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Assisting Senegal's Maritime Security

U.S. Ambassador to Senegal Mushingi. (File)
U.S. Ambassador to Senegal Mushingi. (File)

Maritime security in Senegal got a boost this month with the addition of two patrol boats provided by the United States.

Assisting Senegal's Maritime Security
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Maritime security in Senegal got a boost this month with the addition of two patrol boats provided by the United States. In a ceremony at the Dakar Naval Base, U.S. Ambassador to Senegal Tulinabo Mushingi noted that the true prosperity of a maritime nation requires good maritime stewardship.

“The illicit trafficking of people and narcotics causes harm to our societies. Illegal fishing, and the illicit traffic of goods and marine pollution are causing damage to our societies,” said Ambassador Mushingi.

“Solutions to these ills cannot be implemented by a single government entity or even by a single country. Maritime insecurity in strategic places such as the Gulf of Guinea can affect us all. In addition, those engaged in illicit activities in the maritime field will use borders to avoid prosecution. For these reasons, we must work together in the maritime domain. We all benefit from efforts to help build the capabilities of our maritime partners.”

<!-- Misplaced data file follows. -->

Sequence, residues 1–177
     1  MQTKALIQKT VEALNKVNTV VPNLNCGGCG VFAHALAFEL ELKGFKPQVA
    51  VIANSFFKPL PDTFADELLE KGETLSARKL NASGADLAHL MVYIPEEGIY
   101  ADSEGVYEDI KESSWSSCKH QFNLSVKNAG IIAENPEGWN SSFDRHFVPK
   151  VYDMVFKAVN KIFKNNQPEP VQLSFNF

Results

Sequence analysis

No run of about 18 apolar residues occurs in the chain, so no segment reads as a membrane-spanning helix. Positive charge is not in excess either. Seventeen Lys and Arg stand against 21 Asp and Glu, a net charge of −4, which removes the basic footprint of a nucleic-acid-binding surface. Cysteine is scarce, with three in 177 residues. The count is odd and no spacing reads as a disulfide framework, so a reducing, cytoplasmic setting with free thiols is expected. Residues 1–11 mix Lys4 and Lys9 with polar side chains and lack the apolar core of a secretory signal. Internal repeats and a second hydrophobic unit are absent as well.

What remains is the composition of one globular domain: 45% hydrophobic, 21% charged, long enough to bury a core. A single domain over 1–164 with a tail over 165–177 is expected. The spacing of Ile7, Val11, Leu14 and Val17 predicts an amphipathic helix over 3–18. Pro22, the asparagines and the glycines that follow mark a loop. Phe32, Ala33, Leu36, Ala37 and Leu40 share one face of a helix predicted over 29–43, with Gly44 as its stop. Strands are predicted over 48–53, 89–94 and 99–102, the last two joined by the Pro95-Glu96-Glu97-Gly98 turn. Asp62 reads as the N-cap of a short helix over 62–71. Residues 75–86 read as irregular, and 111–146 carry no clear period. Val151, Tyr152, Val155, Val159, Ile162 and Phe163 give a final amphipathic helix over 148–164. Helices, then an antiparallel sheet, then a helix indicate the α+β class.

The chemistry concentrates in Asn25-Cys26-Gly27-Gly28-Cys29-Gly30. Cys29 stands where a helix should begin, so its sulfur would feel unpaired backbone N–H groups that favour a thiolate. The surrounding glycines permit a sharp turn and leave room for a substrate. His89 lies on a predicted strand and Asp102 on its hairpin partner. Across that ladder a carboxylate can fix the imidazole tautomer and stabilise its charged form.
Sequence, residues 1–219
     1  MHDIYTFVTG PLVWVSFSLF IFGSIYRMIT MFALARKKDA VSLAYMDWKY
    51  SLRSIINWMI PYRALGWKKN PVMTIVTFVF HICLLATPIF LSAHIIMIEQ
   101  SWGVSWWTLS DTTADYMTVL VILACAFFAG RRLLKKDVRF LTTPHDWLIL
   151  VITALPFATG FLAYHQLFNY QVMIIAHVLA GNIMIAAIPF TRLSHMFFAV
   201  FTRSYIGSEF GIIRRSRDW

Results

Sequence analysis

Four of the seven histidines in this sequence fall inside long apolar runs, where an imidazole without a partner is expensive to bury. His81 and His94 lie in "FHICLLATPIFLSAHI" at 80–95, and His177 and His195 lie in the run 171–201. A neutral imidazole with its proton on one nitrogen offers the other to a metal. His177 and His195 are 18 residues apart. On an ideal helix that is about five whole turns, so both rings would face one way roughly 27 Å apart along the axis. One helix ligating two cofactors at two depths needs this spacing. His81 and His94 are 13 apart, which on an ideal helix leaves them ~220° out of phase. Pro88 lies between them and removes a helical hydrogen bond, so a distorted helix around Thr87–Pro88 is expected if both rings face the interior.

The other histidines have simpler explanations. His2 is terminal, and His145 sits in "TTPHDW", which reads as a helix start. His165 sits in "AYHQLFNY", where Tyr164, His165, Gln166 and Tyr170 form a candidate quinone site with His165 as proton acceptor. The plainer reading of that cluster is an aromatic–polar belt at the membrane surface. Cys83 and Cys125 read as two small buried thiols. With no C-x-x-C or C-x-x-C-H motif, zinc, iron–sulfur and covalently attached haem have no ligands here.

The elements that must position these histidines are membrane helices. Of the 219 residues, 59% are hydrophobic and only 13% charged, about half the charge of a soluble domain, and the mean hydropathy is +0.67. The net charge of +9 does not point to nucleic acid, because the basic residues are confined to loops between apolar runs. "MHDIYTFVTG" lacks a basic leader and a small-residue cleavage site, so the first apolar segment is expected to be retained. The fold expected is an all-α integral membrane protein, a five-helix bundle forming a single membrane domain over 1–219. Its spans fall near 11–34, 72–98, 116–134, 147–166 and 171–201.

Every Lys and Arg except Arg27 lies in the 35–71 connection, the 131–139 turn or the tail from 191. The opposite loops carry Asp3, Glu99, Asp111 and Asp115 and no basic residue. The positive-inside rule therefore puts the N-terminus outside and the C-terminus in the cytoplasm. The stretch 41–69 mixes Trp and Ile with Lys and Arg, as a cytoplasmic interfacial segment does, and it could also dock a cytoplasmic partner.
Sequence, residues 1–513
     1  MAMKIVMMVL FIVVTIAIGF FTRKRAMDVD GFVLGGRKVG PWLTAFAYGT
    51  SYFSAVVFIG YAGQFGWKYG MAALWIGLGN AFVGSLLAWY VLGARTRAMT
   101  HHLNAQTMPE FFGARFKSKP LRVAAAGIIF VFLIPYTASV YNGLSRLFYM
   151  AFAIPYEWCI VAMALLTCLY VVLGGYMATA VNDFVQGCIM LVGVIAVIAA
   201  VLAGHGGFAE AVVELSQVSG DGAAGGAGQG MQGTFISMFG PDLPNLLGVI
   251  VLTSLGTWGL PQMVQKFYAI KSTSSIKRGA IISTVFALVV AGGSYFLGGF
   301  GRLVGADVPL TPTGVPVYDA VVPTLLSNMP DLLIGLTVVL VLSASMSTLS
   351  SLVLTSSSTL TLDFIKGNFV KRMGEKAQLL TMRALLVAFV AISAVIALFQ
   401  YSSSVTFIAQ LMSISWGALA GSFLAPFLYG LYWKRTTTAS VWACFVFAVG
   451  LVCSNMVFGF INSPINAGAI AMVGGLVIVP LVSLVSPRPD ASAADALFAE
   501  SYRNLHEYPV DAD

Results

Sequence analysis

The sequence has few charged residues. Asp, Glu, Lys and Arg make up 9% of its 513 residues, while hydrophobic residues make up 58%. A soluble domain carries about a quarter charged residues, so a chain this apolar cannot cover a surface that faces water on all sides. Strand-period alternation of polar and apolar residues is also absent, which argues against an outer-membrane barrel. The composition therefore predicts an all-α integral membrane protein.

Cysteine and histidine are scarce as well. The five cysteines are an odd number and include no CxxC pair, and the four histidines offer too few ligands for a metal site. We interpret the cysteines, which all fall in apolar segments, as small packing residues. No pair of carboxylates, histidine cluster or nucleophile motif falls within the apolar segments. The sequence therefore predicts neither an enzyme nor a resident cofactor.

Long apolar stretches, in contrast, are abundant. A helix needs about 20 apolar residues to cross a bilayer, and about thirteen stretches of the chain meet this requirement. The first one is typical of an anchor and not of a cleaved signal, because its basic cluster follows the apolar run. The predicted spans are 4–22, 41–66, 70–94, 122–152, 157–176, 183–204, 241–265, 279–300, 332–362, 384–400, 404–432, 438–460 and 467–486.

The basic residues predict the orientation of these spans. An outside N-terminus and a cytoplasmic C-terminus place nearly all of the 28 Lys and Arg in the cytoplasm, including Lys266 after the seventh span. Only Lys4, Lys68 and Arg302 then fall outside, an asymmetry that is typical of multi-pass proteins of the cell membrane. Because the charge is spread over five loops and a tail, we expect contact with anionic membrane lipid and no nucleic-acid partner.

To assist Senegal in maritime protection, the United States turned over to Senegal’s Marine Nationale, two 38 foot, DEFIANT class Metal Shark patrol boats.

The vessels delivered this month are the fourth and fifth patrol boats turned over to the Senegalese Navy as part of a six-vessel package valued at five million dollars.

“Through annual exercises and training engagements, Senegal and the United States continue to strengthen each other’s maritime forces,” the Ambassador noted. “Through a sustained commitment to the annual Africa Maritime Law Enforcement Program engagement, OPERATION JUNCTION RAIN, Senegal stands out in its capability to counter maritime threats such as illegal fishing, illicit trafficking, and piracy, and as a regional leader in training neighboring partners in these capabilities.”

“As we have seen with recent maritime activities with Senegal’s neighbors, Marine Nationale professionals have a challenging and dangerous job,” said Ambassador Mushingi.“But they do it well, day in and day out – always on watch to protect Senegal and its regional partners.”

“The United States,” he said, “looks forward to continued engagement with our maritime partner, the Marine Nationale.”